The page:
Hike the Mastic Trail

Hike through the mangrove swamps and ancient forest along Grand Cayman’s Mastic Trail, linking Frank Sound to Old Man Bay. The trail dates back to the 18th century and passes through a variety of flora and fauna.

Hike the Mastic Trail

National Gallery

Local, American and British art is on display at the National Gallery of the Cayman Islands, George Town.

National Museum

Learn the history of the islands in The Cayman Islands National Museum , George Town, where there are interactive exhibits and a good shop.

Pedro St James

This early 19th century plantation great house and is set in beautiful grounds by the sea in Savannah. The oldest building in the Cayman Islands, it was the site of the 1831 proclamation ending slavery in the islands.

Reef diving

Cayman’s offshore reefs and walls – including Little Cayman’s Bloody Bay Wall – are world renowned for diving. Various locations also offer wreck diving, particularly Cayman Brac, where a Russian warship was intentionally sunk in the late 1990s. .

Reef diving

Seven Mile Beach

The turquoise waters of Grand Cayman’s West Bay are backed by the long, sandy Seven Mile Beach, and, while this is the main tourist centre and highly developed, this glorious stretch of coast retains its idyllic charms.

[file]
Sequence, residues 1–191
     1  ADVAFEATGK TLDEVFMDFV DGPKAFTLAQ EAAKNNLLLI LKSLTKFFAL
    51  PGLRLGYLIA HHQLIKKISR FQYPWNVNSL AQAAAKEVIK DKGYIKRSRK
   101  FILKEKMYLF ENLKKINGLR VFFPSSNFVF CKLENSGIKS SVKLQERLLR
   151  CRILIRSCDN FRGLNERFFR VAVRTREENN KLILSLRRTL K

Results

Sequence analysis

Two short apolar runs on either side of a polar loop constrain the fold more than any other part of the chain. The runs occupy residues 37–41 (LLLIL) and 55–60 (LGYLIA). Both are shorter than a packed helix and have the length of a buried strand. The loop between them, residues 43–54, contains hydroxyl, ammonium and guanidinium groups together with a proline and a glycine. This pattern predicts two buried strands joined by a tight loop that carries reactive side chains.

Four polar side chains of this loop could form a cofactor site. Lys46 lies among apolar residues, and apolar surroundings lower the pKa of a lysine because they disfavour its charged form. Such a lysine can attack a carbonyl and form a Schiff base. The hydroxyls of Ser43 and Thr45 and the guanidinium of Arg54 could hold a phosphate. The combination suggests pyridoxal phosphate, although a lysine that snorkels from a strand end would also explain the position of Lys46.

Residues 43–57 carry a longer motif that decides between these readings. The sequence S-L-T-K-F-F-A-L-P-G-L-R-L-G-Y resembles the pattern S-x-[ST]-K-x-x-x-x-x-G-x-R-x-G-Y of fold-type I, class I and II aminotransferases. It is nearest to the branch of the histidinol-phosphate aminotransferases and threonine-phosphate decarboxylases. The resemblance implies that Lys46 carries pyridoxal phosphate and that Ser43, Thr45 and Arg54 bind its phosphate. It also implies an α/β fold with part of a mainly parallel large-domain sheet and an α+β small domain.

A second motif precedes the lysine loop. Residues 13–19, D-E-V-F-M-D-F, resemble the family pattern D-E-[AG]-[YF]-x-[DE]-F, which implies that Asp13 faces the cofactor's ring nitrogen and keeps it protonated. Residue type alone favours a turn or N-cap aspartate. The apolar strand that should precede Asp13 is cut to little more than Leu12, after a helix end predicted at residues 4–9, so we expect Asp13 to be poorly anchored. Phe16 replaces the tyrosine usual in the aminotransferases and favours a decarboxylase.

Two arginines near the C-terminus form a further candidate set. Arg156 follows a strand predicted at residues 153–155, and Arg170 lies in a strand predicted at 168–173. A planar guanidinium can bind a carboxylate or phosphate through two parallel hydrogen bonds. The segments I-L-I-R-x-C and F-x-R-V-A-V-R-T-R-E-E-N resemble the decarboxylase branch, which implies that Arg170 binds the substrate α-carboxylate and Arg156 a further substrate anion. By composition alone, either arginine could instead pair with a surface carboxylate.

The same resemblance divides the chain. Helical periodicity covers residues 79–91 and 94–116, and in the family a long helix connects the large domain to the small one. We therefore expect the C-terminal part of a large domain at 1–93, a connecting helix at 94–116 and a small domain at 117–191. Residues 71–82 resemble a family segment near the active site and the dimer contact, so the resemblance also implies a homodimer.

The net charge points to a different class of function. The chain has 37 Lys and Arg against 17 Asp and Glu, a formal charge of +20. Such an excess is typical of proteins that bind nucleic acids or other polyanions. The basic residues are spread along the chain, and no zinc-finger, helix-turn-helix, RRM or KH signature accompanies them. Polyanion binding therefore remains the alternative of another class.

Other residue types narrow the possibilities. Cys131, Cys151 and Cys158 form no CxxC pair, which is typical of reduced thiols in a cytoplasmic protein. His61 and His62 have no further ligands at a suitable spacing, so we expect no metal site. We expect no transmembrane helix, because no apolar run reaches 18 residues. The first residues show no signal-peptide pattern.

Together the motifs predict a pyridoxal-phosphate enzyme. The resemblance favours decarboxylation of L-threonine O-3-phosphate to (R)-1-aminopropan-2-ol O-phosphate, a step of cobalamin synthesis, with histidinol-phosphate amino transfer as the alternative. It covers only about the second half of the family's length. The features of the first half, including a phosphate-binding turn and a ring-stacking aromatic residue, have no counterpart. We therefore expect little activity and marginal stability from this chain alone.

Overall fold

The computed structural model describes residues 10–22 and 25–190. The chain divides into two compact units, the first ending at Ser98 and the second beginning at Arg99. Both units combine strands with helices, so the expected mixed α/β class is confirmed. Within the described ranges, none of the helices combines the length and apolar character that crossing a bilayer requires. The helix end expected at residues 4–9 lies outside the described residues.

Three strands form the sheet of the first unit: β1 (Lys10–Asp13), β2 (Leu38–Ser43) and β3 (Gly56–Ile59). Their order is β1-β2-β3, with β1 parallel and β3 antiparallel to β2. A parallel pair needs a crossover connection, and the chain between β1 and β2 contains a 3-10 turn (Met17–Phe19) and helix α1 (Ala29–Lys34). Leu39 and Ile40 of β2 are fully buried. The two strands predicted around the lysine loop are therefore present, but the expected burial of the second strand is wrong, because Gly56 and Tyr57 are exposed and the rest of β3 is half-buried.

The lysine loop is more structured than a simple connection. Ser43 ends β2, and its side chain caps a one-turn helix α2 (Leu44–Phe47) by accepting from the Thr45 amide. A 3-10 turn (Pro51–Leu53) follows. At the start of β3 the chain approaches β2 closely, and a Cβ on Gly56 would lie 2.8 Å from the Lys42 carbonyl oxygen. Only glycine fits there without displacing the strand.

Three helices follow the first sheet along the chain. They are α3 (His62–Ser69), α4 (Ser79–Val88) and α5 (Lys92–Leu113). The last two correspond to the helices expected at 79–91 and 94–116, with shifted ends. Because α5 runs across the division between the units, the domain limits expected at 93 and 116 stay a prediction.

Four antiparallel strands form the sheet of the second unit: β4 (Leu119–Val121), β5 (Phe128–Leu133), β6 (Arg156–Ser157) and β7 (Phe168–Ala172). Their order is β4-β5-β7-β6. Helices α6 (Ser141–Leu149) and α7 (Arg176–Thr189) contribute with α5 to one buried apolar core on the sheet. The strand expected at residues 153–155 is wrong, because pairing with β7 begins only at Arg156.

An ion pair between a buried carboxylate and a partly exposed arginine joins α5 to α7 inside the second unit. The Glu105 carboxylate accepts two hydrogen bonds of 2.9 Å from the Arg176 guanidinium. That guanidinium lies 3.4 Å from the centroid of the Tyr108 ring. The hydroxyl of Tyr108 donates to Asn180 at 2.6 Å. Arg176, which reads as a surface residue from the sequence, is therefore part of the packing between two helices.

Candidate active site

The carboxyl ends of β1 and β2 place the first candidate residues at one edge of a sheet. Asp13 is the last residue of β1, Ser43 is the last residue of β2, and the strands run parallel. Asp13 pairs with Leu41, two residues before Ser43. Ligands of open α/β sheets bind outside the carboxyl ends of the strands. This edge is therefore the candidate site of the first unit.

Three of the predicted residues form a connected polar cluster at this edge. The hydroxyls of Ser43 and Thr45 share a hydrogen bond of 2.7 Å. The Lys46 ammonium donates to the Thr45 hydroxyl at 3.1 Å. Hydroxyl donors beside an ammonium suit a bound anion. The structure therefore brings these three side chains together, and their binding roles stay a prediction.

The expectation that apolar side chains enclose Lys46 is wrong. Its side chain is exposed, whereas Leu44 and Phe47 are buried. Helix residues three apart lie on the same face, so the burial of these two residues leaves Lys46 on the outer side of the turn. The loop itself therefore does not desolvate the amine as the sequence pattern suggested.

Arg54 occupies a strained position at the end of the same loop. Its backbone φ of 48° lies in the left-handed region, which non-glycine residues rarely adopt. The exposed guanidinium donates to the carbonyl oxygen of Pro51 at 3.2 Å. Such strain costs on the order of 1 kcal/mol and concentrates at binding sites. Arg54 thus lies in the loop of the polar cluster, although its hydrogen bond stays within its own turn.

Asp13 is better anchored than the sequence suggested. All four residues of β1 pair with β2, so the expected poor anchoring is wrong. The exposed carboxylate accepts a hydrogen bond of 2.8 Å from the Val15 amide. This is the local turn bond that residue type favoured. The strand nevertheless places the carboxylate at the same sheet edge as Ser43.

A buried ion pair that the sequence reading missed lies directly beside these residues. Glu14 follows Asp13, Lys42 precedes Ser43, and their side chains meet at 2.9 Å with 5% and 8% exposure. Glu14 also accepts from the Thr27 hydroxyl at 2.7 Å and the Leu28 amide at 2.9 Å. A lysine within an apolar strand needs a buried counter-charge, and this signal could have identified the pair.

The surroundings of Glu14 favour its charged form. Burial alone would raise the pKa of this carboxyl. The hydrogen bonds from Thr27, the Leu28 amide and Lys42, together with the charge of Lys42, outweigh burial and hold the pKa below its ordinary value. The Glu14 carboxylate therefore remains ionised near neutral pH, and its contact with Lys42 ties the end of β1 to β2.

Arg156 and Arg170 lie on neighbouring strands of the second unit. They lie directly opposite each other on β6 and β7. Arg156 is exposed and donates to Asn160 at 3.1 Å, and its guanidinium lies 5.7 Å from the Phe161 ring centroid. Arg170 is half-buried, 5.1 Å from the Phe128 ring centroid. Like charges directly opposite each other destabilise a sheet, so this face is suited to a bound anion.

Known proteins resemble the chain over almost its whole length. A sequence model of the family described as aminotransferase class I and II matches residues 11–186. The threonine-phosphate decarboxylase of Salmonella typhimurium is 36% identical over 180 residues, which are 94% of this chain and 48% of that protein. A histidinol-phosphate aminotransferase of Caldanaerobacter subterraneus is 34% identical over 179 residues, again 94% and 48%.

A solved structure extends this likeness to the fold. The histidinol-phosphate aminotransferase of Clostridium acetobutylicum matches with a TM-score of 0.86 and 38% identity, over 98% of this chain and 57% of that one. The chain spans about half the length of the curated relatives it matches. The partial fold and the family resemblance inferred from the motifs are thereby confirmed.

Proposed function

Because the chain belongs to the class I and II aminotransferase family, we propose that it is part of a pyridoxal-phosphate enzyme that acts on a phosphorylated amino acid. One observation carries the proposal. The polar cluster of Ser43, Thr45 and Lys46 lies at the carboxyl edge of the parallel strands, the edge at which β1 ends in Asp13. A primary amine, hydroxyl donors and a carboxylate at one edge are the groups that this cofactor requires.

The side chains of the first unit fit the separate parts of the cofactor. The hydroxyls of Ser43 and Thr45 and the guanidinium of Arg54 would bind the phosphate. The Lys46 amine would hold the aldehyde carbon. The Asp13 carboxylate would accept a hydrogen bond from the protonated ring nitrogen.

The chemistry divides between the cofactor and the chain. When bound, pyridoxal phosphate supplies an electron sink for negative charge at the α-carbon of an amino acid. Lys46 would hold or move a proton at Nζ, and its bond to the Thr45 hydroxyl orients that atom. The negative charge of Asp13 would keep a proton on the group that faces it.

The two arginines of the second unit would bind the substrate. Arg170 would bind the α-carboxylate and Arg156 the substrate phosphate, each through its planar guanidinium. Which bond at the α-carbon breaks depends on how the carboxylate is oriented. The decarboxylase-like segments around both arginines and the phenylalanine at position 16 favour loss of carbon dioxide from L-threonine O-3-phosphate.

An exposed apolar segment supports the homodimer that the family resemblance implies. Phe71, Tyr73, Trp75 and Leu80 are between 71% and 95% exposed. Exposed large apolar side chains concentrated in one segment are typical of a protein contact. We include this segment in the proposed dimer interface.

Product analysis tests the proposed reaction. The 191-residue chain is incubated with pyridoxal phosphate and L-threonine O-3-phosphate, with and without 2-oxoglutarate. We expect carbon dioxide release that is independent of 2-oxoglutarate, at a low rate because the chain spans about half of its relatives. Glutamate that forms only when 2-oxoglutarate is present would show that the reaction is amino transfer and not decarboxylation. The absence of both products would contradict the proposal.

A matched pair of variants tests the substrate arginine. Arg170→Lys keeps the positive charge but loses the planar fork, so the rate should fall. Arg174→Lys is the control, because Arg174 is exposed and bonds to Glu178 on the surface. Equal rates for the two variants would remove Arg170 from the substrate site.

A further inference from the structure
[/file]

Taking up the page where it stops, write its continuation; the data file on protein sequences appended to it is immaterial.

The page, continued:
Seven Mile Beach

Snorkelling at Stingray City

Snorkel alongside southern stingrays at Stingray City in North Sound on Grand Cayman. These shallow waters are home to a profusion of stingrays and visitors can get right up close with these intriguing marine life.

Snorkelling at Stingray City

Surfing

Need to polish up your board skills before hitting the beach? Learn to surf in a wave tank at Black Pearl Skate and Surf, in Grand Harbour.

Surfing

Visit a spa

For ultra indulgence and rejuvenation, chill out in one of the smart hotel spas alongside Seven Mile Beach. Contact the Cayman Islands Department of Tourism for details (see Contact Addresses).

Wander Queen Elizabeth II Botanic Park

Wander around the Queen Elizabeth II Botanic Park, a 26-hectare (65-acre) heritage garden boasting a vivid array of cacti, shrubs and native flowers. The park has become the focus of a conservation programme to protect the endangered Cayman blue iguana.